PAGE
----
He recalled that Belarus has often been a battleground throughout its history. The losses were huge, millions of people died. “We have a different mindset. We do not need such conflicts taking into consideration practical, moral and genetic reasons. We are pursuing a balanced and multi-vector policy. We want peace in the west and east. We can benefit from it despite our complicated geographic location in the world. Therefore, we have a principled position on it. Today this flame is burning several kilometers from you, tomorrow it can cross the border and reach your territory,” the head of state added.

The situation in Ukraine and possible results of the presidential election were mentioned among other things. Belarus’ stance on the conflict in Ukraine was also discussed during the interview.

The parties could not but talk about the presidential election in Ukraine. During the Big Conversation with the President on 1 March Aleksandr Lukashenko stated that the current Ukrainian head of state Petro Poroshenko would win the election. After results of the first round of the presidential election many people, including reporters, wondered whether Aleksandr Lukashenko still maintained the same view.

The Belarusian leader stated: “Nobody won anything over there. Zelensky is in the lead after the first round. Poroshenko is behind him. Nobody can dare predict results of the second round. I am inclined to believe after all that Poroshenko will win this presidential election.”

Aleksandr Lukashenko noted he was not going to analyze and compare the two candidates. “I know one of them very well. I’ve seen the second one only in movies. I don’t know him as a politician. But Petro Poroshenko and I had a friend in common once – Mikheil Saakashvili. When Saakashvili was the president [of Georgia] and was organizing an election, he amended the constitution and did something else, they started messing with the nation. In the end he had to flee Georgia and hide in other countries. If Poroshenko doesn’t want to climb to the roof and from rooftops call upon Ukrainians to protect him, he will do everything for Ukrainians to support him. He has to do everything for the nation to support him,” Aleksandr Lukashenko stressed.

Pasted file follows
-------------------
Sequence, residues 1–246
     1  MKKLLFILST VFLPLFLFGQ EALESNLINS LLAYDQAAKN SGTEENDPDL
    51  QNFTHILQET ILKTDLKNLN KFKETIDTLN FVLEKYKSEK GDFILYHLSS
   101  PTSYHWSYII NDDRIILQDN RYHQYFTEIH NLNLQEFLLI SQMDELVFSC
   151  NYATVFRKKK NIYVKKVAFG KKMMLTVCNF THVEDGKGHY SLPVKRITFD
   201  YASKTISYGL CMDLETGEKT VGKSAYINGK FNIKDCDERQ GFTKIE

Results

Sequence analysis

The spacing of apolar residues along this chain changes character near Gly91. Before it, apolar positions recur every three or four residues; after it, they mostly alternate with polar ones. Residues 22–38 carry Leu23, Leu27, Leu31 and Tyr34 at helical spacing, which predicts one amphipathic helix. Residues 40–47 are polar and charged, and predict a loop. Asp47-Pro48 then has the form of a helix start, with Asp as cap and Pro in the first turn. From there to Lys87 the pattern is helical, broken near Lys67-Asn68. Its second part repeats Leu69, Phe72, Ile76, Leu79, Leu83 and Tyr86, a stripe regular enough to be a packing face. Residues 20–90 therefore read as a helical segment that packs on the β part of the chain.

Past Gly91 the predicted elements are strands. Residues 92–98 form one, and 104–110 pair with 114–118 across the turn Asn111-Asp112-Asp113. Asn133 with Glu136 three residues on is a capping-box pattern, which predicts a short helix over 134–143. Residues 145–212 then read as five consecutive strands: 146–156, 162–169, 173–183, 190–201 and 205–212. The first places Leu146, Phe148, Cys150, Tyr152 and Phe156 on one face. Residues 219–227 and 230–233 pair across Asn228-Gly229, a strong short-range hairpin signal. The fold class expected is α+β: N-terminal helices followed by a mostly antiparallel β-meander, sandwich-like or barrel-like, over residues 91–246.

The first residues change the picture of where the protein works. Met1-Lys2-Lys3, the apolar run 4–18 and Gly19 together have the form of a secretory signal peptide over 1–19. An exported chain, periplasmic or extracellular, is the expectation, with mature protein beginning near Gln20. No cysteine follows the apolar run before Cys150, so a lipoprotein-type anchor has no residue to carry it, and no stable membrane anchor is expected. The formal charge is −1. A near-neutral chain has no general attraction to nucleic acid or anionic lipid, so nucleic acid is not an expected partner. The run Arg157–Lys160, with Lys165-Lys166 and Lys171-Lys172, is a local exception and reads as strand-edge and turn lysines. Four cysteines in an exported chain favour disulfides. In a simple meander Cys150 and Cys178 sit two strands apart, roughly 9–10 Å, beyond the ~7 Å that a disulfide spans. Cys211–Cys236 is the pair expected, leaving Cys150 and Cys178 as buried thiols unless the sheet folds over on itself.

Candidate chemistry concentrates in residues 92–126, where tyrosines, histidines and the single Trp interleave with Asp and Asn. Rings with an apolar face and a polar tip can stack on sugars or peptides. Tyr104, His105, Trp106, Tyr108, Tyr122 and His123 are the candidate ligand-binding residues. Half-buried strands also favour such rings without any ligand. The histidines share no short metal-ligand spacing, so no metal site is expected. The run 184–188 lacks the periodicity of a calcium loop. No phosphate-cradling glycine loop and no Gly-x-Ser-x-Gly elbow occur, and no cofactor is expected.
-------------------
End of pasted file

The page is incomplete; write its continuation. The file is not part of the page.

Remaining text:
A popular opinion in Ukraine says that there are no worthy candidates and many citizens vote for Volodymyr Zelensky as a form of protest. Aleksandr Lukashenko offered his view on what people should do in this situation. “I beg Ukrainians’ forgiveness but I would like to tell them: if there are no worthy candidates, then you shouldn’t vote. Why do you have to vote for a man you are not confident in? Ukrainians had to endure such a bumpy ride in politics in the last few years. They are already fed up with incomprehensible promises. They’ve taken risks to put their trust in politicians and support them many times. But things took the wrong turn every time. The experience of the Ukrainian nation in the last few years indicates that one cannot take risks. If it seems there are no worthy candidates, then a repeat election is the way to go. It seems to me it is a better option than risking one more time and casting their votes only to feel remorse for ten or more years afterwards,” Aleksandr Lukashenko said.